Govinda is the alter-ego of Austin based producer/composer Shane Madden. A student of the violin and composition since the age of eight, Shane went on to study classical violin at the University of Texas, where electronic music production began to cement a place in his heart. After his discovery of gypsy roots, he opened his ears to the various genres and styles of music from around the world. From experiences learning violin with mysterious masters on his journeys across the globe and his passion for modern design and technology, the current sound of Govinda was born.Over the years, Govinda has played with acts such as Thievery Corporation, STS9, Bassnectar, Shpongle, and many others. Recently, he was approached to work with 5-time Grammy Award winning musicians, The Blind Boys of Alabama. The legendary gospel musicians have transcended the boundaries of traditional gospel, exploring the spiritual dimensions of rock and pop songs, of blues music, of funk and folk and everything in between. It is only natural that a group such as the Blind Boys would eventually explore the electronic element. And who better to share that experience with than Govinda, a true student of music. Madden discusses the collaboration with The Blind Boys of Alabama:“I’ve always enjoyed combining my style of world bass music with a variety of others like indie rock and soul so when my management approached me with the idea of working with 5 time Grammy Award winning, Blind Boys of Alabama, I was definitely honored and intrigued. These guys roots run so deep, and I knew it was their first electronic effort, so it was very important to me to attempt to convey a lot of emotion in this one track. It took me a while to find balance in all of it and hope everyone feels a little piece of everything that went it to producing the track.”Check out the exclusive track “Don’t Worry” from Govinda ft. The Blind Boys of Alabama only at Live for Live Music:
On Sunday, famed singer-songwriters Bob Dylan and Neil Young offered up a co-headlining gig at Kilkenny, Ireland’s Nowlan Park, just two days after their co-bill at London’s Hyde Park on Friday.To the crowd’s surprise, Dylan and Young joined forces for a collaborative take on the traditional “Will The Circle Be Unbroken?”, marking the first time the duo appeared onstage together since a performance at New York City’s Roseland Ballroom in 1994.Rolling Stone notes that Dylan first played the tune during his coffee house shows dating back to 1961, and later recorded it in 1967 during the Basement Tapes sessions with The Band. Prior to Sunday, Dylan hadn’t played “Will The Circle Be Unbroken?” since a stop in Houston on his traveling Rolling Thunder Review tour in 1976. Young, on the other hand, has played the song with Willie Nelson four different times between 1995 and 2018.Watch fan-shot footage of Bob Dylan and Neil Young joining forces on “Will The Circle Be Unbroken?” below:Bob Dylan & Neil Young – “Will The Circle Be Unbroken?” – 7/14/2019 [Partial][Video: Lu Chan]Bob Dylan & Neil Young – “Will The Circle Be Unbroken?” – 7/14/2019[Video: Dylan Tube]Bob Dylan currently has no scheduled tour dates. Young, meanwhile, has no performances scheduled outside of his Farm Aid event in September, but promised fans he will be touring with Crazy Horse in support of the band’s forthcoming studio album. Keep an eye on Young’s website and Dylan’s website for upcoming tour announcements and more information.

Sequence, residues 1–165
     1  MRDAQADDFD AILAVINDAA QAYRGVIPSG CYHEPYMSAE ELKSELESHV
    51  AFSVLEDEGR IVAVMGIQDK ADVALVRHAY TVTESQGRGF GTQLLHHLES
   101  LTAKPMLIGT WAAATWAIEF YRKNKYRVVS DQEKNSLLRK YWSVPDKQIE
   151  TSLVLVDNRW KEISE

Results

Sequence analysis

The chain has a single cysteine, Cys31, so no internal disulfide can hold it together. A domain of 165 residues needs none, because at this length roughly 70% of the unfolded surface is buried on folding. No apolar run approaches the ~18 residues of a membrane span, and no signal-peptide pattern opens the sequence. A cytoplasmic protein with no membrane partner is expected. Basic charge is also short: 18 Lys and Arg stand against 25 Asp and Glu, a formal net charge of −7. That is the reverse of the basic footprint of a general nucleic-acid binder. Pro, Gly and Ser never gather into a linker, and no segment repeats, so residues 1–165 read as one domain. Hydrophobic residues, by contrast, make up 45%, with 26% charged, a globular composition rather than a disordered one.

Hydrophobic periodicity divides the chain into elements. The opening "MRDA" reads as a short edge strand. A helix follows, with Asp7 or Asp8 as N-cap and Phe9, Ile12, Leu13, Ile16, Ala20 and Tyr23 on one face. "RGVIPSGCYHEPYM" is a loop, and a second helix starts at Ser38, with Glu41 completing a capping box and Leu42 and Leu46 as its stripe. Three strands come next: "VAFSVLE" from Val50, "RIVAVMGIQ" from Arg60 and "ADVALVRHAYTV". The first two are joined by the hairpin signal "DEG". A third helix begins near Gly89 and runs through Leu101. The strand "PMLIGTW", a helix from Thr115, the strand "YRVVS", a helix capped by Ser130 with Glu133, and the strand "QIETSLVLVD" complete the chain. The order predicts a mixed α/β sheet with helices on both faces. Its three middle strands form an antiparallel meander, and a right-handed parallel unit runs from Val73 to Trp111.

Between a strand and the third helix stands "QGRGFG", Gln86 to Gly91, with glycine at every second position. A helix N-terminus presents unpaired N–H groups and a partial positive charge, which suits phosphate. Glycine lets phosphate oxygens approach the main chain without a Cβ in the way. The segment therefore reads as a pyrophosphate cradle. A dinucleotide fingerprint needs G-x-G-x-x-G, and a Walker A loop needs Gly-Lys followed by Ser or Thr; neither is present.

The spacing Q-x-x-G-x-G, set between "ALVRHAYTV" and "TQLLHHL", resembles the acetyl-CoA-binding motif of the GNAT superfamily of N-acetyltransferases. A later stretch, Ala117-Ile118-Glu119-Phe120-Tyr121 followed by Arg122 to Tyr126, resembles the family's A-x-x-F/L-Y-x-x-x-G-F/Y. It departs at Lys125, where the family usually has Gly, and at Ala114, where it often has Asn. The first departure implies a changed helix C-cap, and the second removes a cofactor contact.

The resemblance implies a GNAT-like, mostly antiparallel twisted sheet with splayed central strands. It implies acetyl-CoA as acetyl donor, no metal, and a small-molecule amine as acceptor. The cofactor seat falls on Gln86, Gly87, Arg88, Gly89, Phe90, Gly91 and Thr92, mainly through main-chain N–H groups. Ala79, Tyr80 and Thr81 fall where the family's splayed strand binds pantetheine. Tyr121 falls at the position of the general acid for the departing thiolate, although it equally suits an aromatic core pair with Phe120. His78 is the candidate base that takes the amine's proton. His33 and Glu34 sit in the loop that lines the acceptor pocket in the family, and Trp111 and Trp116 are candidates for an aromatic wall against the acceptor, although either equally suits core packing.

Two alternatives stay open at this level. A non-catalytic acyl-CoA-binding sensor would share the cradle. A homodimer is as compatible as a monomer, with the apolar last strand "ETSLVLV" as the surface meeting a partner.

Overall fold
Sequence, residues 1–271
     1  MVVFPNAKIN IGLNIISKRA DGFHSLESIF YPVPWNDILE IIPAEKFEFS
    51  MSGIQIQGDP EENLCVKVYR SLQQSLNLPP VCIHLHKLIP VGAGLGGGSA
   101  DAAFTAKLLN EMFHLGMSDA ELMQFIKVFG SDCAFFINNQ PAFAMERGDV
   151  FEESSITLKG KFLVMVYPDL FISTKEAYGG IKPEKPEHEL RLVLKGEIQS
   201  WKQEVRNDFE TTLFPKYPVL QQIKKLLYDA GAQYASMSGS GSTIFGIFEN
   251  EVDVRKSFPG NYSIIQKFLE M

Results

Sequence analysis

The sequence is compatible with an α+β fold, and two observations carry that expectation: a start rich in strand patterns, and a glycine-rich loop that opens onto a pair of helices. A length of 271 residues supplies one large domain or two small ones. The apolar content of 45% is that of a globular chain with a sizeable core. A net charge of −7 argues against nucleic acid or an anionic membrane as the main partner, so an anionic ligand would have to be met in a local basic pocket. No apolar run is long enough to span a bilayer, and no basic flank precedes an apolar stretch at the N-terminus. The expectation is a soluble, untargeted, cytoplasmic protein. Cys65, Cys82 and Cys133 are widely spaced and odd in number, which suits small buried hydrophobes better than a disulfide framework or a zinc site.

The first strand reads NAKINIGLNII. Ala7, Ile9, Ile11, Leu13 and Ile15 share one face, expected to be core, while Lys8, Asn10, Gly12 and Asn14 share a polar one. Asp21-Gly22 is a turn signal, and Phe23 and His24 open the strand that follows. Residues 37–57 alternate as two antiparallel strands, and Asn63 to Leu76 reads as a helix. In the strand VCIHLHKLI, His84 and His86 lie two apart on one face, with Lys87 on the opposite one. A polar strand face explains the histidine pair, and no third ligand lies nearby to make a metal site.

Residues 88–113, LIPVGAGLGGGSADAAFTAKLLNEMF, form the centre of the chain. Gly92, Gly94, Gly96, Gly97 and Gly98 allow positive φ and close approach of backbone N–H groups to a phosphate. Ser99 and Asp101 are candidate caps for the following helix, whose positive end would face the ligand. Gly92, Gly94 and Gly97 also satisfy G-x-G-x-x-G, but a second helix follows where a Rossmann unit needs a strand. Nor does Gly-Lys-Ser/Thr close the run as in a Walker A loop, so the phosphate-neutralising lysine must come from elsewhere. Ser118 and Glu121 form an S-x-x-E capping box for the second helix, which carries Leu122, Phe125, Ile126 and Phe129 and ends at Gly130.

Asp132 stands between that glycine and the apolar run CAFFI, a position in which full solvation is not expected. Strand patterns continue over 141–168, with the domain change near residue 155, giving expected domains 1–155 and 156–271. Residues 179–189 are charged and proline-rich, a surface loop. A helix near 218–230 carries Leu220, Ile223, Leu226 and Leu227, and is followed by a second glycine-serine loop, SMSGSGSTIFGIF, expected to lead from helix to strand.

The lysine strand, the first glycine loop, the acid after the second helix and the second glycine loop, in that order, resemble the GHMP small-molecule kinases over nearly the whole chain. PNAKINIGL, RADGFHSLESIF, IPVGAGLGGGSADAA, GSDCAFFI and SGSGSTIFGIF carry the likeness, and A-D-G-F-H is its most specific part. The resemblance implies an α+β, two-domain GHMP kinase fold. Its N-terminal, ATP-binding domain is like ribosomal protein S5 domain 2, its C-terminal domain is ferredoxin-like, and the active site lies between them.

Rep. Shelley Hughes has authored a bill which would offer incentives to employees who retire up to three years early. Hughes office says nearly a quarter of all state employees would be eligible for the program, which has been offered in the past. The bill also aims to cut employee costs by limiting the number of special assistants which can be assigned to department commissioners and it would raise the employee contribution rate to the state’s healthcare system. FacebookTwitterEmailPrintFriendly分享A Palmer State Representative is suggesting early retirement for public employees will help close the state’s budget gap. For executive branch employees, Hughes’ bill would also require ten days of furlough each year.